Wednesday, 9 October 2013

Battle of Alexandria Scenario - James R Arnold

I love reading and playing historical scenarios. I even enjoy writing and putting them together myself. Part of the fun for me is reading what others have done, comparing that with my own understanding of the events portrayed and then writing up my version emphasising and bringing in the aspects I want to portray. My objective is looking to create a game situation, based on the historical events and situation, that will give a challenge each time it's played and that encourages you to want to give it another go.

I have always been interested in the smaller earlier battles of the British Army in the French Revolutionary and Napoleonic Wars that range from India, North Africa, Northern Europe, Italy to South America and the Caribbean. Theses campaigns were very much about the British Army finding its confidence in its abilities and, just as in the French Army of the time, developing its battlefield tactics. In the process of many victories mixed with occasional defeat a tactical doctrine and command system was developed that culminated in the army seen in the later campaigns of the Napoleonic period.

The earlier part of the revolutionary wars, particularly looking at British involvement on the land, is not spoilt for scenarios and therefore it is interesting to look at them when they come along. One such offering is from James R Arnold a name I was familiar with after looking at his range of books covering the campaigns of Napoleon and indeed he has co-written a collection of scenarios covering the campaigns of 1805-07. It's great to have an historian interested in writing scenarios for the war-gamer.
Alexandria Scenario - James R Arnold

So as a first time purchaser of Mr Arnold's products I thought I'd share my impression.

The scenario is laid out in a very logical format over eight pages with an historical/game overview, pre-battle briefings for each C-in-C, table-top dimensions with map of the key terrain features, terrain description and effects, game time/duration of game, special rules, orders of battle, set ups and victory conditions. The information contained is very precise and together with the maps easy to follow with a clear description of why the author has made certain choices about the terrain or troop classifications.

The author states his methodology based on his own preferred wargaming rule set, but the troop morale ratings based on a score for experience and elan are generic enough for a simple conversion to most rule sets others may wish to use. The "Experience" levels range from Militia, Regular, Veteran to Elite and the "Elan" ratings being numerical based on a ten point scale, but usually running from 6(worst) through to 9(best).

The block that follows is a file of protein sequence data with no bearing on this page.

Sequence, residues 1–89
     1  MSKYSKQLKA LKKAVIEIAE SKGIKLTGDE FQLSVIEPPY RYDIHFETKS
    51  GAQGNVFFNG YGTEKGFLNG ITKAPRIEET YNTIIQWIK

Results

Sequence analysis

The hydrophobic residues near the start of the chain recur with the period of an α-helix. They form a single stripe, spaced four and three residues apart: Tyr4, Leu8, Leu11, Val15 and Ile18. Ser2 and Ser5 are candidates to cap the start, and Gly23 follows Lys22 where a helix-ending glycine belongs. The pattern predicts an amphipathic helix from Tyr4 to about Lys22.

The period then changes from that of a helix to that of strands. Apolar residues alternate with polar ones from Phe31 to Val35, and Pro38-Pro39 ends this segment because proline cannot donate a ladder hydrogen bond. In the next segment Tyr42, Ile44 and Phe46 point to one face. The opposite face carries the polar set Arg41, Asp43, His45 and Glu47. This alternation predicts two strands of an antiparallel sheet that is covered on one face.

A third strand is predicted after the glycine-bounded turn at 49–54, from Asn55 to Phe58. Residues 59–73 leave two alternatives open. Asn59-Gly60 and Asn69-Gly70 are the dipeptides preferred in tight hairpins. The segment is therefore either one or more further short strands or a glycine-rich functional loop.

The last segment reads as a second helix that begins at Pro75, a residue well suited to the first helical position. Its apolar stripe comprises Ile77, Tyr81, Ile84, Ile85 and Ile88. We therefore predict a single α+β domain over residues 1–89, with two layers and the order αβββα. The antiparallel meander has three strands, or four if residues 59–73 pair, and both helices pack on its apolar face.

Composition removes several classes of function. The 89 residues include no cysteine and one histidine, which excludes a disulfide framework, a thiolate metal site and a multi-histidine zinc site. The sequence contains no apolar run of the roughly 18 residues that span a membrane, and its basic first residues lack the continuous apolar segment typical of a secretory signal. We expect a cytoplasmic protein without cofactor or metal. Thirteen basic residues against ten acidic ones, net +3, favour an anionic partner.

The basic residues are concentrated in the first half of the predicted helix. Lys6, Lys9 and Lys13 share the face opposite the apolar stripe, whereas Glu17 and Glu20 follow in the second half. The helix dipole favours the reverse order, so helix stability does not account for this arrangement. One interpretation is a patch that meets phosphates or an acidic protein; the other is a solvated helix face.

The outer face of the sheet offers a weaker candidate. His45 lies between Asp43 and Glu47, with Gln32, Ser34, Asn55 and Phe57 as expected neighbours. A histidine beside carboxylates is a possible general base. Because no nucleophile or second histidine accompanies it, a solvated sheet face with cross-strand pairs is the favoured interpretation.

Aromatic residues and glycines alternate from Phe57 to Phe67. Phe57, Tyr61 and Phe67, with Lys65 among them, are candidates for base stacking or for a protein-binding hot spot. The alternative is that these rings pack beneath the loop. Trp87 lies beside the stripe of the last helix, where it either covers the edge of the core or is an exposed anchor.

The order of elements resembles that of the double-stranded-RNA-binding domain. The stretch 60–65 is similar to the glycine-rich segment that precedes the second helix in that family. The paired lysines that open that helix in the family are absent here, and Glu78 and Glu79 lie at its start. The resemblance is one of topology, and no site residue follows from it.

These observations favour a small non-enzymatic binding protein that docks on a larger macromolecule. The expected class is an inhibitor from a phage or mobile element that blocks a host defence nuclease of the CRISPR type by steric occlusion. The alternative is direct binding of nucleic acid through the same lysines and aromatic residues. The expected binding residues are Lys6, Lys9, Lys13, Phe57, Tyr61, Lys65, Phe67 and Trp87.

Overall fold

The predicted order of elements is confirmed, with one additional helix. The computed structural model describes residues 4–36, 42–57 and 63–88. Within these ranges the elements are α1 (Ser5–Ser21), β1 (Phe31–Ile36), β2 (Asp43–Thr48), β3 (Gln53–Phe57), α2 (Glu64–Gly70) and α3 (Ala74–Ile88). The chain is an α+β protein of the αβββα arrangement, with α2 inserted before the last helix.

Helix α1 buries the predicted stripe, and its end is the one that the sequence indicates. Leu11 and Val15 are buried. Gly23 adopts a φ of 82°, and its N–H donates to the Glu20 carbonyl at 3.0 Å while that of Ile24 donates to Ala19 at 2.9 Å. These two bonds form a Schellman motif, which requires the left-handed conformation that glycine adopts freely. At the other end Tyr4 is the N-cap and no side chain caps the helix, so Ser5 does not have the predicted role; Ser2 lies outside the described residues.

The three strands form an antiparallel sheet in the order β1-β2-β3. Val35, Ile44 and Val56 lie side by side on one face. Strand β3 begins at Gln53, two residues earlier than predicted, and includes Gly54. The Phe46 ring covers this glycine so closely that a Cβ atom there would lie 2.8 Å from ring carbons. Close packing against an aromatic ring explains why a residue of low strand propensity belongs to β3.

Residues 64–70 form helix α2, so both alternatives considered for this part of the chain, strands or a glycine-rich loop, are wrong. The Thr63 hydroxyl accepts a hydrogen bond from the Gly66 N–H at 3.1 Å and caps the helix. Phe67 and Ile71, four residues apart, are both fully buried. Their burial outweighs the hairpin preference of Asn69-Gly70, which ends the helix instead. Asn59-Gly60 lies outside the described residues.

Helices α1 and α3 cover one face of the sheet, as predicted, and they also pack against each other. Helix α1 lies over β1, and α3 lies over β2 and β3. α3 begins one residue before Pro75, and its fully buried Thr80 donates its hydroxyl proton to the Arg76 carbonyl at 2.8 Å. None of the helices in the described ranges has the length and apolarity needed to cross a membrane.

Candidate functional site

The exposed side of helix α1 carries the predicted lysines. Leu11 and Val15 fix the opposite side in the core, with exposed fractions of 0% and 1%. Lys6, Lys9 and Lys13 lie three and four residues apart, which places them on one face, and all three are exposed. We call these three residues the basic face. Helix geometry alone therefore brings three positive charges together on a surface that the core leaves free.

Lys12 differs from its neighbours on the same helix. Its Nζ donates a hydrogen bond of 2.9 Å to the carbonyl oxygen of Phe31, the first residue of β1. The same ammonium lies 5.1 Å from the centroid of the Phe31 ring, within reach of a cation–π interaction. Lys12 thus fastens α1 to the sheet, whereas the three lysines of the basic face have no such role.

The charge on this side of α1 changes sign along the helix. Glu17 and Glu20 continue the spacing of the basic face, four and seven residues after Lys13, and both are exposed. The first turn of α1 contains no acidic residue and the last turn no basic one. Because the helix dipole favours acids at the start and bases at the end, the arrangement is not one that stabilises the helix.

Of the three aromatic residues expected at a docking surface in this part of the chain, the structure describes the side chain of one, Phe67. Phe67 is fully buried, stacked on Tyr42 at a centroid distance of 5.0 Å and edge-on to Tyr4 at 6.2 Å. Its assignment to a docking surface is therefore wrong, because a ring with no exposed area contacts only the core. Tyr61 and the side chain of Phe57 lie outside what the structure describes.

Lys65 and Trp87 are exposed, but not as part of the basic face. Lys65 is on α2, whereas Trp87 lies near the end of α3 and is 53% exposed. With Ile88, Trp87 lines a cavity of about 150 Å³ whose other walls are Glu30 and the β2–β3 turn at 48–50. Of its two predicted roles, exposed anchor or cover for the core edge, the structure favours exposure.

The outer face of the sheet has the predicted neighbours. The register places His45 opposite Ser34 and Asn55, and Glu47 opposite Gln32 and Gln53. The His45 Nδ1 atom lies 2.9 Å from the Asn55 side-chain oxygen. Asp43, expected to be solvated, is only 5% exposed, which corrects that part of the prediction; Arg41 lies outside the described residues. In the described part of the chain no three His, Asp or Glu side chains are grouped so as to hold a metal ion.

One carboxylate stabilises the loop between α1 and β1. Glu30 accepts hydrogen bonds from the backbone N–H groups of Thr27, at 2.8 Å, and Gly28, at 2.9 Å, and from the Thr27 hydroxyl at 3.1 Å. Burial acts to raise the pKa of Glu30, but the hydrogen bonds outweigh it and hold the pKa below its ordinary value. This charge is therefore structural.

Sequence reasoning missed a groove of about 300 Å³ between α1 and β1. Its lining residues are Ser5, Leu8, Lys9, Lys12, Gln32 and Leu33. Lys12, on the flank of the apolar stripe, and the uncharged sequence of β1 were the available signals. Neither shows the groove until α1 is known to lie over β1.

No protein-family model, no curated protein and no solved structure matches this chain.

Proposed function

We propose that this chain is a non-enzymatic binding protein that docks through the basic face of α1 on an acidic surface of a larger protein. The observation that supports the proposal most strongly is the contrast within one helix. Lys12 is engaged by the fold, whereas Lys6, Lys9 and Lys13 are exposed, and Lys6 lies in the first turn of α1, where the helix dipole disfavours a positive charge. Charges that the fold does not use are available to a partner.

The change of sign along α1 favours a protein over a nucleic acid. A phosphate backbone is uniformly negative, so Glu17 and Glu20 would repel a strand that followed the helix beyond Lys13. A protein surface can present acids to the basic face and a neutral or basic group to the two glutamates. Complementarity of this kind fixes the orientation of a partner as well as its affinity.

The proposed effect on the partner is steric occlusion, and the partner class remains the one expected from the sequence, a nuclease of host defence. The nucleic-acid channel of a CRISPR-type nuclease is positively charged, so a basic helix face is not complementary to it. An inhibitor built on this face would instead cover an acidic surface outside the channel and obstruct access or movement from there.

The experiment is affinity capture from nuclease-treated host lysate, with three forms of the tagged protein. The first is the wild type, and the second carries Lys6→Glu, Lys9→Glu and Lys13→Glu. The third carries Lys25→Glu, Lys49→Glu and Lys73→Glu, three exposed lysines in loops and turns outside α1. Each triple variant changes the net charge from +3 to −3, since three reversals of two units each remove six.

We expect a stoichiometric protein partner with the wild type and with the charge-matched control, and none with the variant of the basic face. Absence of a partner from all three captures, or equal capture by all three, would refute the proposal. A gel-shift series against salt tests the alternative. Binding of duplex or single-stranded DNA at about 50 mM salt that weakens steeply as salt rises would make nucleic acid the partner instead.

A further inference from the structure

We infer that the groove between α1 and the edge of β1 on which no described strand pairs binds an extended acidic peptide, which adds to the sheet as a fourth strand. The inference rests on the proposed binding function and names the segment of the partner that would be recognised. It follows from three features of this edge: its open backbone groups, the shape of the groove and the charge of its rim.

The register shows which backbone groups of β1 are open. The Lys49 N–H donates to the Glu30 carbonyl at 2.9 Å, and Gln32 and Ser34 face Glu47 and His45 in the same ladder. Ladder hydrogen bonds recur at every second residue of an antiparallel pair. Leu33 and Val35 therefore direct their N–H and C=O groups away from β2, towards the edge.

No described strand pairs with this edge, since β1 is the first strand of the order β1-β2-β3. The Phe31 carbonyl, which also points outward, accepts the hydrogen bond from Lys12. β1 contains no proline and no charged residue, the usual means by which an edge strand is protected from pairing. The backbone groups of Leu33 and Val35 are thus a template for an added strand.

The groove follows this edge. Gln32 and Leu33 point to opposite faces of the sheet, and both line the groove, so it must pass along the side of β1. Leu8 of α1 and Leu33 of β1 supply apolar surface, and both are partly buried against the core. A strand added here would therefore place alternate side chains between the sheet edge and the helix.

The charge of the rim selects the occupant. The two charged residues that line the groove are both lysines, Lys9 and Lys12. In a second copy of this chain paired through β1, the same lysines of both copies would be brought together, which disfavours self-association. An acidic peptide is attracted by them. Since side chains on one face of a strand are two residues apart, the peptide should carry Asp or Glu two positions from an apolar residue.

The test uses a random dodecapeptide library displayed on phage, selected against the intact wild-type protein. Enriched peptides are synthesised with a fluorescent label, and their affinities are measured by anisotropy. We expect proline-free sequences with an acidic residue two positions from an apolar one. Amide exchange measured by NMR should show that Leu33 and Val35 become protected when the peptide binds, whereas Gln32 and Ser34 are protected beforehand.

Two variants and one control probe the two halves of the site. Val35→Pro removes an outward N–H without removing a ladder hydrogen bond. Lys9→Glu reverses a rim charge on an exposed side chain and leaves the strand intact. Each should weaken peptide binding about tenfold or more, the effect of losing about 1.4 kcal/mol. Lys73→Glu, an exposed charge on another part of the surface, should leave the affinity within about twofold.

The orders of battle strengths are explained in the text as to how they were arrived at and being in numbers of men present, should again allow easy conversion to other rules.

The special rules cover off the peculiar events that affected this particular battle and the suggestions as to how to model them, all of which seemed very reasonable and thought through.

The set ups allow for the French to follow the historical attack just before dawn or to be more conservative and go for a daylight set up with suggested effects from either choice.

The victory conditions allow for French/British decisive/tactical/marginal victory with clear definitions.

The "Additional Scenario" section puts forward ideas for "what if "alternatives to the historical game adding to the re-play potential.

So all in all good stuff and I am pleased with my $2, £1.29 purchase.

My only small criticism would be the omission of a list of the reference sources used in the research.

This was particularly noticeable with a point stating that British Light Companies had yet to master skirmish combat, which justified giving a French advantage in skirmish capability. As there are no references to check this assertion with, I was not convinced. General Abercromby spent time in Turkey training up his forces for this campaign before landing, and British Light Company drills were well established by 1801, with several exponents of the art, commanding in Abercromby's force, General John Moore, who would set up and train the British Light Infantry, General Eyre Coote later of the Rifles. In addition the British force had several foreign corps armed (rifles) and trained especially for light duties. These together with the combined light company men had the potential to acquit themselves more than adequately. I am not aware of any references to the British being unsettled by French skirmishing.

I thought it might also be useful to list other sources available if you are interested in the Egyptian Campaign. There is a useful article from Wargames Illustrated that looks at The British Army under Abercromby.

and also the French Army

The Osprey title on the subject is getting on a bit now but is full of great information and the excellent artwork of Gerry Embleton

In addition there are the two titles covering French and British forces from Caliver Books. I haven't seen these but do own one of the Peninsular War titles and was very pleased with it.

The only thing needed now is a great range of figures in 18mm specific to the theatre. I'd love to do some camels and Mamelukes. If there are any manufacturers toying with the idea let me know please.

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